In the latest edition of Comics to Read Before You Die, Jessie Robertson looks at Astonishing X-Men Vol 1…
Written by Joss Whedon
Illustrated by John Cassaday
Joss Whedon. That name now carries a certain power, respect and gravitas with it. Once the cult director of prematurely killed fan favorite space western Firefly, and the man who turned the cheesy (albeit very entertaining) Buffy the Vampire Slayer into another cult hit because of its wit, characters, supernatural, babes and dialogue TV blockbuster for the WB, now he’s the colossally successful film director, having the first 2 (of many more) Avengers motion pictures behind him. Did you know he wrote some comics too? This book was his most famous venture in that medium. Let’s set the stage:
After a successful run by Grant Morrison on X-Men, Whedon took over and left much of the same team in tact, including Scott Summers and Emma Frost, now headmasters at the Xavier school. Kitty Pryde is our focus character at the start; it’s her return to the school after a long absence and it’s a strange homecoming for her. Your main characters are Scott, Emma, Kitty, Hank McCoy (Beast) and Logan (Wolverine). Gifted reveals that a cure to the mutant genome has been discovered and is being decided on how to proceed with it. Hank becomes curious in its genetic makeup as well as perhaps using it, changing the course of his life but wrestles with the decision. An alien from another planet doomed to be destroyed by a prophecized mutant shows up to stop said mutant and starts his targeting with the X-Men. Dangerous has the X-Men’s famous training simulator turn against them at a critical time.
There’s so much to like in these books; first I want to say, I don’t know if I’ve ever read a first issue that ended so dramatically and tied together introductions, the stream of a book, multiple characters and great dialogue, all before a great cliffhanger. One of the best first issues ever written. Whedon plays heavily with dialogue, because these are all characters that have known each other for a LONG time, and it shows, and it makes sense and it’s tons of fun. All these veteran teammates now leading a new group of mutants forward, without the help of Professor Xavier, also shows a really cool time progression which often never seems to occur in comics. Gifted, is stronger than Dangerous, only because it throws the whole monkey wrench into the wheel of “if we could be cured of these powers, these abilities, sometimes considered a curse, would we?” By having their scientist and smartest member seem to ask these questions very seriously, just elevates the whole topic. You also have a surprise return of a once though dead member who sacrificed himself to save mutant kind being accused of wiping out another planet full of people in some crazy heavy irony. Kitty also finds herself at odds with so many members; the love she had for someone returning from the dead, her allegiance to Logan, her hatred for Emma, everything about this first storyline works so effortlessly well.
John Cassady should be praised because his art style compliments Whedon’s writing perfectly; all these characters are drawn as if they are standing in the real world in a real environment. Even strange characters like Beast and Ord from the Breakworld have definition; the way Beast’s fur sits and the animal-human qualities of his facial features, and Ord’s muscle definition and the scars of his face. Some of the most standout panels to me include the teams’ meeting in the holographic island, Kitty’s journey into darkness through Ord’s ship and the masticated Sentinel tearing his way through a forest.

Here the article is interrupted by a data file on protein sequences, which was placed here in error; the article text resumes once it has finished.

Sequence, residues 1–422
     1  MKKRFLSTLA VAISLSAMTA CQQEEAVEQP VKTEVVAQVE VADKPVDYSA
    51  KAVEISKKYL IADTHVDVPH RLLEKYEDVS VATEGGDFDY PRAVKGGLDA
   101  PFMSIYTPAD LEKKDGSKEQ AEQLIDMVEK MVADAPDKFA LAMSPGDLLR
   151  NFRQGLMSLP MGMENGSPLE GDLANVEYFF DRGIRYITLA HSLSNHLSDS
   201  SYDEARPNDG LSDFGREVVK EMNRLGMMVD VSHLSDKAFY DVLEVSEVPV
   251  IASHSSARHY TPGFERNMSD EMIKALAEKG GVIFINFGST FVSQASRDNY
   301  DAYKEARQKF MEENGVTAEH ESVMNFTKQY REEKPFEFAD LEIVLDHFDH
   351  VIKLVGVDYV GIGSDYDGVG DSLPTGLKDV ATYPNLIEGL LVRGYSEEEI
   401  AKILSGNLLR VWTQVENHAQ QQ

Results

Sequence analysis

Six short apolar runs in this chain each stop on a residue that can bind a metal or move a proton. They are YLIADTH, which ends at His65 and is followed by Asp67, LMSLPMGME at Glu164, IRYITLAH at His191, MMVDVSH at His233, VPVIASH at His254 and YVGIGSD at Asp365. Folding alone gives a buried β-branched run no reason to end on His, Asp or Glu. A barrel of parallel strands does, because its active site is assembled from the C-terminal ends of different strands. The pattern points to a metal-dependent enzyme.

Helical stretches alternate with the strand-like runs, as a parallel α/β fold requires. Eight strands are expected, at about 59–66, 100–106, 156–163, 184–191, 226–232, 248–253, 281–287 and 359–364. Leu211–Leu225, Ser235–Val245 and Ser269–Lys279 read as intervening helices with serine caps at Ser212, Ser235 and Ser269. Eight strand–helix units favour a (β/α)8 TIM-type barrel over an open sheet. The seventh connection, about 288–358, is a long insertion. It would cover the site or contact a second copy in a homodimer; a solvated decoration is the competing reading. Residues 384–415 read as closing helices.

A few key other things I liked about the series is the relationships; one thing about an X-Men book is sometimes the roster can be a bit bloated. Here, it’s completely pared down and inside this roster you have the Scott-Emma dynamic which probably became just as classic as Scott and Jean and this book is one reason why. There’s even a bit about young suicide, which to me, is a topic that should be studied and talked about day after day as there’s nothing sadder, more tragic than a young person taking their own life when there’s so much to look forward to. It’s not dwelled on but it’s there. The progression of science versus changing the structure of a person or a race is also on the forefront of Whedon’s mind during both storylines found here.
Probably my only complaint is the villains: Ord is a pretty stock bad guy with some knives, tough skin and stronger than he looks. The role he plays in the cure is not at all that surprising and he never really offers that much in the way of menacing plans or threats to our heroes. In Dangerous, their own device itself turns against them and while completely menacing and seemingly on the verge of disembowling our heroes, there’s an element missing from the character, which is logic. It knows all their moves, all their strategies, but wasn’t it just programmed to? It’s never explained exactly how in all its sentient being, it retained that knowledge and the idea that Xavier programmed it to be able to become outside of itself paints him as not a very kind father figure, but that of a looney circus trainer, willing to do anything to make his team a lethal fighting force. I’ve often wondered what results we could have seen had Whedon turned his attention to any classic X-Men villains instead of creating his own sub-par ones.
Any comic fan and most certainly X-Men fan will tell you this is a must have for your collection, but don’t stop there. Whedon went on to write a further couple chapters of his saga which only further the threads he began here.